If this sounds like the setup for a farce, well, it does—even with the corpse in the bedroom.  (Actually The Corpse In The Bedroom wouldn’t have been a bad title for the book.)

And, finally, we learn the name of the dead woman—Moppet Lewis, a hanger-on in the crowd around Johnny.

Everyone thinks it’s suicide, but, of course, it’s murder, and the police are shortly to hand.  And Campion, far from taking the train home to wife (Amanda Fitton, who runs a very successful aeronautical engineering company) and son, is stuck with his part in the investigation.

The investigation has its moments, although there’s an extended interruption involving stolen art works, and, while I thought Campion really had very little to do except finally point out where the police were going wrong, the book is quite readable.  Not really a first-rate work, probably really not enough going on for a novel,, but satisfactory. 

(The cover illustration is particularly jarring, as no one was shot or stabbed or bled profusely.)

Thursday, July 6, 2017

Ted Allebury, The Twentieth Day of January

Ted Allebury, The Twentieth Day of January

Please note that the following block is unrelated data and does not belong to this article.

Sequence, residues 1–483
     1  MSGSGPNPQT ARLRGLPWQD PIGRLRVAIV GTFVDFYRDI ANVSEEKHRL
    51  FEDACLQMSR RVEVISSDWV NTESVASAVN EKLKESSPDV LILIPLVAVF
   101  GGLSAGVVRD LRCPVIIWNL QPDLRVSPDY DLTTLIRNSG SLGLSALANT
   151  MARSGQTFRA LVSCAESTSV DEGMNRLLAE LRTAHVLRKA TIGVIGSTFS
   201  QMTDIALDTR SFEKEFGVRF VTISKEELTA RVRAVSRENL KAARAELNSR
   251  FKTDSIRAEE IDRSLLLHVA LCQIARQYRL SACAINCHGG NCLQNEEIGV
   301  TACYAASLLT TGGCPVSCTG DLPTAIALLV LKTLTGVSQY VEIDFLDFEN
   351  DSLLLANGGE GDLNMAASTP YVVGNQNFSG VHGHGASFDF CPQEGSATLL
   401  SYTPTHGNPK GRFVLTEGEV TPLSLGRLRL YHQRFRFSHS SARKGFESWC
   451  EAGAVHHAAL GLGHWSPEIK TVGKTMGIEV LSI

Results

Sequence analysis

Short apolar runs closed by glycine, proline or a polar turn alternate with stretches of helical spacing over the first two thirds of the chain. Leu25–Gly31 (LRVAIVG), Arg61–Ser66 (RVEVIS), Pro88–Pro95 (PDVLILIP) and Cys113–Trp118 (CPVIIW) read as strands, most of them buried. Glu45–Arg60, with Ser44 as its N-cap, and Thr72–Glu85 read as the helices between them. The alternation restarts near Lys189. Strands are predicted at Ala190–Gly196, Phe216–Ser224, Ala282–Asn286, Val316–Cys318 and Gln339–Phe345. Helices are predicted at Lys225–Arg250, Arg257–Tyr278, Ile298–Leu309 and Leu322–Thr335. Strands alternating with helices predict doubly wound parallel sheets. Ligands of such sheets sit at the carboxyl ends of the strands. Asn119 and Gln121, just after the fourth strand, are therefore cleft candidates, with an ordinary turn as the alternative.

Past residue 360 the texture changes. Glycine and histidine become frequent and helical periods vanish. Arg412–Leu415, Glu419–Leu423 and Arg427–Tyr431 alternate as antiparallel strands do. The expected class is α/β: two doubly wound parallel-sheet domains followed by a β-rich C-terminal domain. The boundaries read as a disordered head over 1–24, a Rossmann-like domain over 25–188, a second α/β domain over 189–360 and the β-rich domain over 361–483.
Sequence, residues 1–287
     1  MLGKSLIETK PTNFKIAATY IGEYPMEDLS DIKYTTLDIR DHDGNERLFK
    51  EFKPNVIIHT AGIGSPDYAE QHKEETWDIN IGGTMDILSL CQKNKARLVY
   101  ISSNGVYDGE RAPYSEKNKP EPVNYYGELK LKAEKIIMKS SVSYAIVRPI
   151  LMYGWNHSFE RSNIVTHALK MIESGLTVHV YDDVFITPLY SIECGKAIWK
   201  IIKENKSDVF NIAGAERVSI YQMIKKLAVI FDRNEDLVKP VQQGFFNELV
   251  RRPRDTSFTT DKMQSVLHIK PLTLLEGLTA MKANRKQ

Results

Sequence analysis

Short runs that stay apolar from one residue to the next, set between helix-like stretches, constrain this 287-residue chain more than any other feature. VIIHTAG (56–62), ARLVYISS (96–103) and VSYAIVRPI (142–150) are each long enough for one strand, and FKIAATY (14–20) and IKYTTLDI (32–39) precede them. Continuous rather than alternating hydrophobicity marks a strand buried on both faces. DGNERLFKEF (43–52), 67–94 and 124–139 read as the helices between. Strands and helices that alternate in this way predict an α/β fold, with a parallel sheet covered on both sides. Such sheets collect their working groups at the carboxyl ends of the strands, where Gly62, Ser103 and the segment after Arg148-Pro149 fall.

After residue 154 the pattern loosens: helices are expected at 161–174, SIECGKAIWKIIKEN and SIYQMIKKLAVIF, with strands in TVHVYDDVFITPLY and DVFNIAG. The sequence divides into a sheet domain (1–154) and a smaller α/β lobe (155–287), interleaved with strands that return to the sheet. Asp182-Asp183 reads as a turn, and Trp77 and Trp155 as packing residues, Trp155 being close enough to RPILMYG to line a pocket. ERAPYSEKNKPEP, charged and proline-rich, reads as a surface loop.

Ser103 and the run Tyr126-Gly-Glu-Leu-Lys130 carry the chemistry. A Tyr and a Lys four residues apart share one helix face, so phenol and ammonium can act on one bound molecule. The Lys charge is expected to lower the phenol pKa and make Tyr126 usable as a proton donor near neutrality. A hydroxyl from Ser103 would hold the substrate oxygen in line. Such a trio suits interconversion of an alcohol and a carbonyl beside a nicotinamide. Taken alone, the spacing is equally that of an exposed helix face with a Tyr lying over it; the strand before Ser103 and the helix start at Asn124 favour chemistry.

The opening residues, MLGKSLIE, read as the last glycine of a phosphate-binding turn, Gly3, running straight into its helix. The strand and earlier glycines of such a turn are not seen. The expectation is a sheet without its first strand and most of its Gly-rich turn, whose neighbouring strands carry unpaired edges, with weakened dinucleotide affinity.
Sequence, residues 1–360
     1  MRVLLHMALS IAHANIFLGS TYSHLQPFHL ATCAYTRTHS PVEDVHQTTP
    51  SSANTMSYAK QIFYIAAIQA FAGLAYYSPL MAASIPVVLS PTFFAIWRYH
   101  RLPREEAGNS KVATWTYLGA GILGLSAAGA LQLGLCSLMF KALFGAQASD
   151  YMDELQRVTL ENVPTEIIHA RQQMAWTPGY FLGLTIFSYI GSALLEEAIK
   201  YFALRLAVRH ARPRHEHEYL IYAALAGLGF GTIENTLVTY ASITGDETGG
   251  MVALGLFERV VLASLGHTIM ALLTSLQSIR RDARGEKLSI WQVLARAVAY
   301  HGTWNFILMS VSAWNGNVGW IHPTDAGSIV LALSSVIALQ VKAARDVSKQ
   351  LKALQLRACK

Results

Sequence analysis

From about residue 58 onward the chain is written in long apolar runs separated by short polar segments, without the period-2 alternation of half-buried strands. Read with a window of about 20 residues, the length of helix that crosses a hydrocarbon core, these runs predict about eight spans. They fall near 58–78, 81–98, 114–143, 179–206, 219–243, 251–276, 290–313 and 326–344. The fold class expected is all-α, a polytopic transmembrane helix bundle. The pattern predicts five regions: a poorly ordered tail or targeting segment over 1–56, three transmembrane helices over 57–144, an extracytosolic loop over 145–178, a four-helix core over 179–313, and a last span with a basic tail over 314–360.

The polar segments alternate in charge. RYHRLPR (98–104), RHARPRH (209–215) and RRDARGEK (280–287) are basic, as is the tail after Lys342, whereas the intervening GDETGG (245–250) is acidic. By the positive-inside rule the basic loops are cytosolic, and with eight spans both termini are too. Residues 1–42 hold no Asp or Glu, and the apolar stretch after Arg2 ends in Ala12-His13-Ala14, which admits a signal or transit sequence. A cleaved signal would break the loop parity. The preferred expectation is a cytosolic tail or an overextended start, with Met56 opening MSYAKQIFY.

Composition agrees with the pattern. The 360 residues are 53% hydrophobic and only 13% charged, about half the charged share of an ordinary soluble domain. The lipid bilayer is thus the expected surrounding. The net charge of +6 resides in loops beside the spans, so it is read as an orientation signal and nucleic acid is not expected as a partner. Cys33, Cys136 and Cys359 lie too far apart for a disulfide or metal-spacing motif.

Dover Publications 2017 reprint of 1980 original
© Estate of Ted Allebury
ISBN 978-0-486-81922-8

I decided to purchase and read this book largely because of the back cover copy:

Seemingly out of nowhere, wealthy businessman Logan Powell has become President-elect and is weeks away from assuming the most powerful position in the world…British intelligence agent James MacKay uncovers shocking evidence that suggests something might be terribly wrong with the election.  With the help of a reluctant CIA, MacKay sets out…to discover if the unthinkable has occurred:  Is President-elect Powell actually a puppet of the Soviet Union?

It’s almost as if Allebury had a pipeline to the future.

MacKay, as it turns out, is not the major figure in the investigation; a senior CIA official, Peter Nolan, is.  Allebury (whose best book, in my opinion, is The Other Side of Silence, about the Kim Philby fiasco) has written a readable thriller with an all-too-plausible scenario.  Logan Powell is not, exactly, a puppet of the Soviet Union, but, as we quickly learn, so this does not, I think, reveal anything important, his campaign manager (and Chief-of-Staff designee) Andrew Dempsey is a long-term Soviet agent (dating back to the upheavals in France in 1968).

In the course of finding actual evidence of what has happened, several people die and the CIA uses what many of us might regard as somewhat dodgy investigative (break-ins) and interrogation (potent and dangerous drugs) techniques.  This is a quick (218 pages), generally satisfying read.